Ultimately, your company just needs to meet the OH&S standard. There’s no need to keep an ear doctor on-site to check each employee’s ear health and hearing ability daily. It would be far more effective to follow the basic requirements of the health code, meaning on-site, mobile audiometry screenings every 6 months would work for you, your employees, and OH&S officials. Call audiometric technicians like us if you need help with screenings, hearing conservation programs, noise measurement, and more.

Rocky Mountain Mobile Hearing Testing is your locally owned and operated Calgary business. We are committed to providing mobile hearing testing services and other safety tests to numerous industries and companies in Western Canada. Our services are part of the WorkSafeBC Provider Network, while our sound booths are approved by the CSA. We offer audiometry testing, mask fit testing, custom earplugs, noise measurements, help with implementing a hearing conservation program, and spirometry testing. If you want to improve your workplace, leave it in the hands of our team. Contact us today at (403) 399-4775.

The topic of health and safety in the workplace is one that can confuse workers without proper orientation. But it’s important to remember that provincial safety codes are a company’s responsibility to take precautions against occupational hazards. Occupational Health & Safety can be thought of as a form of budgetary concern as public protection; it’s expensive for the company when workers get hurt just as much as it is upsetting on an emotional level for all involved.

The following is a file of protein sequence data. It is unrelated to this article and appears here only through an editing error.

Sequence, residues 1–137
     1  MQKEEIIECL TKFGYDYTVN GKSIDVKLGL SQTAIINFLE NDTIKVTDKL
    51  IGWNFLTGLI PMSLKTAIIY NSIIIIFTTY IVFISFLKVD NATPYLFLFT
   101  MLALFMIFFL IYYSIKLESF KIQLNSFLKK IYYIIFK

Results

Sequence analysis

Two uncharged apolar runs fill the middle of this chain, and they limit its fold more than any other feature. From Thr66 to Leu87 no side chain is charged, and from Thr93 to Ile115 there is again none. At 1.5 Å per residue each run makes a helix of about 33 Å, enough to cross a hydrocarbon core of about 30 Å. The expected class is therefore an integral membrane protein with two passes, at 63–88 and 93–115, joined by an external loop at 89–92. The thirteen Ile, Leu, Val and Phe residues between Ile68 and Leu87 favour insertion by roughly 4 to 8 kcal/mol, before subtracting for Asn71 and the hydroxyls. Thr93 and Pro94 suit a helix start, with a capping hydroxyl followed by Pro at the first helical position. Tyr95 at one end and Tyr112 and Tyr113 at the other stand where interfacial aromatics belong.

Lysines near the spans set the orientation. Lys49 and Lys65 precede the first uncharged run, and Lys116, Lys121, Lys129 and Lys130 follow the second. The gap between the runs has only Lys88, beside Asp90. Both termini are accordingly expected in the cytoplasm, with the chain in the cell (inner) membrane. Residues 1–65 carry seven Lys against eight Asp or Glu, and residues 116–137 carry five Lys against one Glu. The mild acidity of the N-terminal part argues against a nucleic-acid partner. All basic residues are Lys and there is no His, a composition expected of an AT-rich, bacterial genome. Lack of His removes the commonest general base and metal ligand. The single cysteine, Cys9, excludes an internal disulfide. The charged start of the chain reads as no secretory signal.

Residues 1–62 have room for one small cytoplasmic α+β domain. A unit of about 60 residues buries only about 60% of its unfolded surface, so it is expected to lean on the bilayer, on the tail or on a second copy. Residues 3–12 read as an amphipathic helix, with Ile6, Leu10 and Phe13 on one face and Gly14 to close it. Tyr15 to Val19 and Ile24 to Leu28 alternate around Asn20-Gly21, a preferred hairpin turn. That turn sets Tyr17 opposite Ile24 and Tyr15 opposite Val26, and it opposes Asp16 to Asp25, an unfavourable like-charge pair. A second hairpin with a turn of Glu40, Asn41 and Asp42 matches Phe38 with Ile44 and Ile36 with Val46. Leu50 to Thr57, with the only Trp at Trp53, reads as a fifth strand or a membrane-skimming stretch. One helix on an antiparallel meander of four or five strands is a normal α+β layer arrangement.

Without this approach, however, workers would be at risk of physical harm or even death, so it’s well worth getting employees and employers on the same page about what hazards exist on the worksite and how to mitigate them. According to occupational health and safety regulations in Alberta, there are a few common workplace dangers, some of them more obvious than others.

 

Fire Hazards Are Most Common

 

These are the most prevalent danger to workers. Various industries use hazardous materials, and many of them are flammable or explosive. A common fire hazard is the risk of explosion from improperly storing flammable materials, such as chemical reagents, fuel, or pressurized chemical tanks.